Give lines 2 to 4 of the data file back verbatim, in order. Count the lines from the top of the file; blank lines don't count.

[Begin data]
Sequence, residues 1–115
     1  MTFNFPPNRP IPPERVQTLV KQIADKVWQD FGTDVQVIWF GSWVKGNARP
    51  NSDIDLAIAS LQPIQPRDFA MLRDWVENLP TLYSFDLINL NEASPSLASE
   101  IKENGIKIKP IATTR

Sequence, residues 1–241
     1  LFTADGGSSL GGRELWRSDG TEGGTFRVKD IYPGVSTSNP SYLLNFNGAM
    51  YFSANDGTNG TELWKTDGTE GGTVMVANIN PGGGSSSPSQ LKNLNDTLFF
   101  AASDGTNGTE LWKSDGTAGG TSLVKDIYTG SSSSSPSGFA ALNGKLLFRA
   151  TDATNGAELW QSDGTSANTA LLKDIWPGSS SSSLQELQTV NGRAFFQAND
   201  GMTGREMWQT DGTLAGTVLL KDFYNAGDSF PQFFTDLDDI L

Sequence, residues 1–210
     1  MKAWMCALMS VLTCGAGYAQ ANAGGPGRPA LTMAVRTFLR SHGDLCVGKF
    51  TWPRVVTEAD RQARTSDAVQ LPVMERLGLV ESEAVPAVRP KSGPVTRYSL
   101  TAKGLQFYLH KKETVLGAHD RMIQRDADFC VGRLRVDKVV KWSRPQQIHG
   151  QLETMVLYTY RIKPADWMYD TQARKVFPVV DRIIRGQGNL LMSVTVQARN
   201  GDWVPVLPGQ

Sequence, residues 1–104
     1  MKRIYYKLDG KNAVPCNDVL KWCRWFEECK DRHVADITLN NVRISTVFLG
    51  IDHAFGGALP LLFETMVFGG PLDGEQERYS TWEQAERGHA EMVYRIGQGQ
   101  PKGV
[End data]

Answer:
     1  MTFNFPPNRP IPPERVQTLV KQIADKVWQD FGTDVQVIWF GSWVKGNARP
    51  NSDIDLAIAS LQPIQPRDFA MLRDWVENLP TLYSFDLINL NEASPSLASE
   101  IKENGIKIKP IATTR